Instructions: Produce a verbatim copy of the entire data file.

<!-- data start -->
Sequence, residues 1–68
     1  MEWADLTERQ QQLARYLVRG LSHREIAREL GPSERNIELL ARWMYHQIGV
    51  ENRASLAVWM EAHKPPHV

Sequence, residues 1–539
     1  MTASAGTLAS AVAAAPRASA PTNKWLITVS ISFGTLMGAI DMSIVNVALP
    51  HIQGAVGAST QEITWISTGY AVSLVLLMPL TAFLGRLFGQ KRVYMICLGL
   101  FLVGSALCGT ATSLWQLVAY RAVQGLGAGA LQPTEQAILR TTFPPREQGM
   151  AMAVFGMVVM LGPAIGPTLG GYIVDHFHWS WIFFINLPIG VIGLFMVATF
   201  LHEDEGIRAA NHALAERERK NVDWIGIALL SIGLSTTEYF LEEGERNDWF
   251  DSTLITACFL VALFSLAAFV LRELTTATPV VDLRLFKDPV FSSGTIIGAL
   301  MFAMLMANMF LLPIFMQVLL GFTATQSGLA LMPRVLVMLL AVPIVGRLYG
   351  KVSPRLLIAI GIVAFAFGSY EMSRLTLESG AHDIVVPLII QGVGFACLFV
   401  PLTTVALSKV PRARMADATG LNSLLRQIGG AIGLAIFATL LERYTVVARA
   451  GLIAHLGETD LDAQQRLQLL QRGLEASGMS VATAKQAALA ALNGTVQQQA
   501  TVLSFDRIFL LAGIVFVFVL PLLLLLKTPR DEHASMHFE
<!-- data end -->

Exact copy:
Sequence, residues 1–68
     1  MEWADLTERQ QQLARYLVRG LSHREIAREL GPSERNIELL ARWMYHQIGV
    51  ENRASLAVWM EAHKPPHV

Sequence, residues 1–539
     1  MTASAGTLAS AVAAAPRASA PTNKWLITVS ISFGTLMGAI DMSIVNVALP
    51  HIQGAVGAST QEITWISTGY AVSLVLLMPL TAFLGRLFGQ KRVYMICLGL
   101  FLVGSALCGT ATSLWQLVAY RAVQGLGAGA LQPTEQAILR TTFPPREQGM
   151  AMAVFGMVVM LGPAIGPTLG GYIVDHFHWS WIFFINLPIG VIGLFMVATF
   201  LHEDEGIRAA NHALAERERK NVDWIGIALL SIGLSTTEYF LEEGERNDWF
   251  DSTLITACFL VALFSLAAFV LRELTTATPV VDLRLFKDPV FSSGTIIGAL
   301  MFAMLMANMF LLPIFMQVLL GFTATQSGLA LMPRVLVMLL AVPIVGRLYG
   351  KVSPRLLIAI GIVAFAFGSY EMSRLTLESG AHDIVVPLII QGVGFACLFV
   401  PLTTVALSKV PRARMADATG LNSLLRQIGG AIGLAIFATL LERYTVVARA
   451  GLIAHLGETD LDAQQRLQLL QRGLEASGMS VATAKQAALA ALNGTVQQQA
   501  TVLSFDRIFL LAGIVFVFVL PLLLLLKTPR DEHASMHFE